Master of Arts
Date of Defense
Jill B. Delston
The consequentialist variant of ethical egoism is subject to two major objections, the self-effacement objection and the excessive deliberation objection. I argue that a rule-consequentialist egoism can withstand these objections. Utilizing the concept of internalization, I argue that the rule-consequentialist egoist may train herself to habitually act in accordance with a rule. By doing so, she avoids the problem of excessive deliberation, while also ensuring that her action is in accordance with her criterion of rightness, her adopted set of rules. Furthermore, by building on the distinction between criterion of rightness and decision procedure, I counter the self-effacement objection by showing that an egoist can deliberate about her friends in an acceptably non-consequentialist manner, while maintaining that this decision procedure is justified on consequentialist egoist grounds. I then counter two forms of a further objection, rule-fetishism. I argue that internalization of rules allows us to maintain that we ought to follow rules, even in situations where the outcome won't be best, in order to avoid bigger problems with act-consequentialist egoism. I conclude by arguing that my defense of rule-consequentialist egoism robs Lester Hunt's flourishing-egoism of its motivation. Hunt's theory has a problematic conception of value, which either places the locus of value outside the egoist framework, or collapses into a consequentialist egoist theory.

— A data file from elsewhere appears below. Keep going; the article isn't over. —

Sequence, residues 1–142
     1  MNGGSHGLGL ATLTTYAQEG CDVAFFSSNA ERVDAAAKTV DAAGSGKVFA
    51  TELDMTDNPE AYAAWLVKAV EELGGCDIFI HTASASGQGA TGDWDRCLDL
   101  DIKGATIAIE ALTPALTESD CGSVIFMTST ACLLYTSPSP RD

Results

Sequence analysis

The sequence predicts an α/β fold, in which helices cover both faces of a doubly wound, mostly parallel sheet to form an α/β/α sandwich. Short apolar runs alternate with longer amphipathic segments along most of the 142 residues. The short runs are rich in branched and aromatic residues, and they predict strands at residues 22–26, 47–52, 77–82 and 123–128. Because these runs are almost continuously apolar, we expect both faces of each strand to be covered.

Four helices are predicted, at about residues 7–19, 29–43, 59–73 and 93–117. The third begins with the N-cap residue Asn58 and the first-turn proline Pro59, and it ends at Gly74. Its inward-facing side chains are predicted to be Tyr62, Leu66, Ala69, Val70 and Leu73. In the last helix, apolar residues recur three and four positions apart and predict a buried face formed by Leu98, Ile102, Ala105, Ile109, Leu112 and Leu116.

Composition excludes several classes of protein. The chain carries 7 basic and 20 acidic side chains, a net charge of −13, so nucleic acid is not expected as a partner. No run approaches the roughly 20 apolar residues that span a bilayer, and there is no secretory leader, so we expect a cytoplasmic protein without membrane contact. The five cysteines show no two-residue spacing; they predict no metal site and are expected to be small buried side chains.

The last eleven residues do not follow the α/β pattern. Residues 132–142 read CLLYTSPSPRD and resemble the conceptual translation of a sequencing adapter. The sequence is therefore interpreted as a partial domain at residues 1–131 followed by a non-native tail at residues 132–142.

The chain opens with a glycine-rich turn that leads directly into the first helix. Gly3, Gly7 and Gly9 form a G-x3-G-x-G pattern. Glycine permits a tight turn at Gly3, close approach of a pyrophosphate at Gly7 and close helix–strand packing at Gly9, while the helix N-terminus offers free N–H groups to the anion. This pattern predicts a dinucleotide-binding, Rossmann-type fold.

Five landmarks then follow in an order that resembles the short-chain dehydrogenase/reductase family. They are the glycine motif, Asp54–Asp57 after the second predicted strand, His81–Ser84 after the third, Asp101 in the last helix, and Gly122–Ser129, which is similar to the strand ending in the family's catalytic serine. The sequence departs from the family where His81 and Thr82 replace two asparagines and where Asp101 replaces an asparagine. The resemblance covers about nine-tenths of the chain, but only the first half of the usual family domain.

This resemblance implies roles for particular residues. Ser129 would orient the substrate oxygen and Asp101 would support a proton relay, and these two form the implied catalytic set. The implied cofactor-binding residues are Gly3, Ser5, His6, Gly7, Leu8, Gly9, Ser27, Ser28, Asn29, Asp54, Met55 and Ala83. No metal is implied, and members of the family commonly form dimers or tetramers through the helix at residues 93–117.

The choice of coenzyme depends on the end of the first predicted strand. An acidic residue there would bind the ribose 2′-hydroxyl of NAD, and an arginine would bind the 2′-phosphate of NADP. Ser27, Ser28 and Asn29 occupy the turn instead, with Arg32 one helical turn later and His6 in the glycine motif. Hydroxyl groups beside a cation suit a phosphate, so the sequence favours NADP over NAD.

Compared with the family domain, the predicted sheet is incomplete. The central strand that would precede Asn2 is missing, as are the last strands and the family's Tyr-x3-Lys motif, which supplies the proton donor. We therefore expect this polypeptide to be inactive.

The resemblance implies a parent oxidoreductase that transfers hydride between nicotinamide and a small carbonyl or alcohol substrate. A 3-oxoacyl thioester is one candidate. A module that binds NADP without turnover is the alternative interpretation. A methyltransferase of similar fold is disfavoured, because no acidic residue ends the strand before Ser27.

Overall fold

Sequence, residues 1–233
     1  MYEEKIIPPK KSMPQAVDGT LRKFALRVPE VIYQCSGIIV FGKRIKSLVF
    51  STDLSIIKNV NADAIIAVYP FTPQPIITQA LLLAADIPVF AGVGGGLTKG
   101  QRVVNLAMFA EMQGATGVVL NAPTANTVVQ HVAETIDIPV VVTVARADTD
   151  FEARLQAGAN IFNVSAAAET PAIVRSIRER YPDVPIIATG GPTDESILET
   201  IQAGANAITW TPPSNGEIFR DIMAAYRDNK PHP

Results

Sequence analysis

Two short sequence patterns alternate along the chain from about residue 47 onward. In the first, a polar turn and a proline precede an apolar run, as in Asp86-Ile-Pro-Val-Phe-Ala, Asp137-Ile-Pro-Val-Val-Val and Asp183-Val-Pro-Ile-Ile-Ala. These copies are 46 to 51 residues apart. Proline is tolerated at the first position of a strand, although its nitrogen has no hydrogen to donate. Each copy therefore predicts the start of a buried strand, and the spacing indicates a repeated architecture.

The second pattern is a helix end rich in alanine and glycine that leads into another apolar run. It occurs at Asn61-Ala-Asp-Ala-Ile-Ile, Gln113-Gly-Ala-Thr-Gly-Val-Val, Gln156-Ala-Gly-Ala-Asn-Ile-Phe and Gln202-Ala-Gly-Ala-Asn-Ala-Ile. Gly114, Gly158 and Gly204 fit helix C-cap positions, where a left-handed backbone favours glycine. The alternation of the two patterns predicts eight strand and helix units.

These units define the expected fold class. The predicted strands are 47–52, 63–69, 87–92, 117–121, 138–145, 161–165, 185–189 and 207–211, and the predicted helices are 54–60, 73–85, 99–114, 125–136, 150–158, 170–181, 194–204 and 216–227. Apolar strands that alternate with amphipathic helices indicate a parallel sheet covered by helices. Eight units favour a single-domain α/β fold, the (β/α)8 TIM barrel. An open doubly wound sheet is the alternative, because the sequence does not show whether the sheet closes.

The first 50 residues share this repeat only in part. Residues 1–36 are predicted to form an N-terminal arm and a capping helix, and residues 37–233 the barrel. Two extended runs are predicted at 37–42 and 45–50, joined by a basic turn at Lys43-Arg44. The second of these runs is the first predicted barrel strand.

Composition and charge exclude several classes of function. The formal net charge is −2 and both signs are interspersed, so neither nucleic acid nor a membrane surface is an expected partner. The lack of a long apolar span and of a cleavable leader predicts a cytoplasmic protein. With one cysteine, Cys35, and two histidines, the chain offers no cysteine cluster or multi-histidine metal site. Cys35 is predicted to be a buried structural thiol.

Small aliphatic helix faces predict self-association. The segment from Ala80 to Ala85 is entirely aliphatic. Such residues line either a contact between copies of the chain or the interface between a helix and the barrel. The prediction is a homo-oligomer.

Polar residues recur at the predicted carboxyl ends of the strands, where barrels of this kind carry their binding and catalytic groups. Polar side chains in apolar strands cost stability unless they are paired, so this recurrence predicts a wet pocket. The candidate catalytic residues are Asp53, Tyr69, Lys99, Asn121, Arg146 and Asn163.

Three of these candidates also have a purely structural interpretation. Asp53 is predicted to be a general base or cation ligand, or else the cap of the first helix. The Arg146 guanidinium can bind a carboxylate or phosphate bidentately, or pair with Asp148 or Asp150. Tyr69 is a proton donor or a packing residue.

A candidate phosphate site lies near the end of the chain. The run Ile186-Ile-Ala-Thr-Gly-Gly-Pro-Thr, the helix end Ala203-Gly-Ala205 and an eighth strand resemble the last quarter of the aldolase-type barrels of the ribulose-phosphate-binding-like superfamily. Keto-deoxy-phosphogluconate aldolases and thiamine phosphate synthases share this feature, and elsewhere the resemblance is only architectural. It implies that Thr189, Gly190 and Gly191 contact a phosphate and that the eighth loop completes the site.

Bramman, Andrew Ross, "Rules and Habits" (2014). Theses. 245.